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Simple Set Theory Proof

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Hi - I'm taking a linear algebra course and the first few chapters are on set theory. I'm having trouble with a very simple proof and I'd like some help on it.

Let $$S$$ and $$T$$ be groups. Given $$T \subseteq S$$ prove:

a) $$S \cap T = T$$

b) $$S \cup T = S$$

I know these are very simple proofs but please keep in mind (and I know it's ridiculous) I was never taught proofs in high school, so the concept of proving something quite obvious is new to me.

Here's my shot at it:

a) Let $$x \in T$$

- And since $$T \subseteq S$$, then $$x \in S$$

- Which means $$x \in S \cap T$$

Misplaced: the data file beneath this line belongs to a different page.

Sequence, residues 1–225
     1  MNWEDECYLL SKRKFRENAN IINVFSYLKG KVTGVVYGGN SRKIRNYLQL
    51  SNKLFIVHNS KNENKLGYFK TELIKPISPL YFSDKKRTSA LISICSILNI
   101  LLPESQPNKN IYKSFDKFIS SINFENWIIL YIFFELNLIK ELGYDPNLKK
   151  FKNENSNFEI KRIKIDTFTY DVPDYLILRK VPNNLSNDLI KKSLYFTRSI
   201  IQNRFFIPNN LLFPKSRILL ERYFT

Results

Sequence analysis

- And of course, $$S \cap T \subseteq S$$

- And since $$S \cap \{ x | \{x\} \subseteq S\} = \{x | \{x\} \subseteq S\}$$

- It is implied that $$S \cap T = T$$

b) Let $$x \in T \ and \ y \in S$$

- Since $$S \cap T = \{x,y \ | \ x \in T \ , \ y \in S \}$$ and it is given that $$T \subseteq S$$

- And we already know that $$x \in T \Rightarrow x \in S$$

- Then the previous statement can be rewritten as $$S \cup T = \{x,y \ | \ x \in S , y \in S \}$$

- Which obviously implies that in fact $$S \cup T = \{ x \ | \ x \in S\}$$

- So $$S \cup T = S$$

Can anyone tell me if these proofs are correct and if not, explain them in similar terms so I can improve my strategies?

Sep 29, 2015